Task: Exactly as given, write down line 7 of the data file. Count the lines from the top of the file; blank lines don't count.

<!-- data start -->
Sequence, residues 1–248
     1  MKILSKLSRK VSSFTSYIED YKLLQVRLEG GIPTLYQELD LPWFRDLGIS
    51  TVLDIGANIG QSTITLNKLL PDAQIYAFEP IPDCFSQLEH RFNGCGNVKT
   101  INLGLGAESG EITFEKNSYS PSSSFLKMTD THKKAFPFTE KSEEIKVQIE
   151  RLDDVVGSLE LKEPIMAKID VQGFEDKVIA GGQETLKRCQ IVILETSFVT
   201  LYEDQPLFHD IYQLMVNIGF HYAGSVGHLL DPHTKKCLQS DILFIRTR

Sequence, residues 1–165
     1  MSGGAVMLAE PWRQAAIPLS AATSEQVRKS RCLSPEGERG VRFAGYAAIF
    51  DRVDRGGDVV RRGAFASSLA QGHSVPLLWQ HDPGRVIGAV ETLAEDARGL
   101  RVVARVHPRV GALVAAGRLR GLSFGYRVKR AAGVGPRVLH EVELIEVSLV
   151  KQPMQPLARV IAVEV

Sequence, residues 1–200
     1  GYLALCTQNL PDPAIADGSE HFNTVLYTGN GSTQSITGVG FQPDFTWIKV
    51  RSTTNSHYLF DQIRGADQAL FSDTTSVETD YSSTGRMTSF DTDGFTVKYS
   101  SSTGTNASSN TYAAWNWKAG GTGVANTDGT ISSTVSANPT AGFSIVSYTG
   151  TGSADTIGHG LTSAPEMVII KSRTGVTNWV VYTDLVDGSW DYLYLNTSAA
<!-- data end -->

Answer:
Sequence, residues 1–165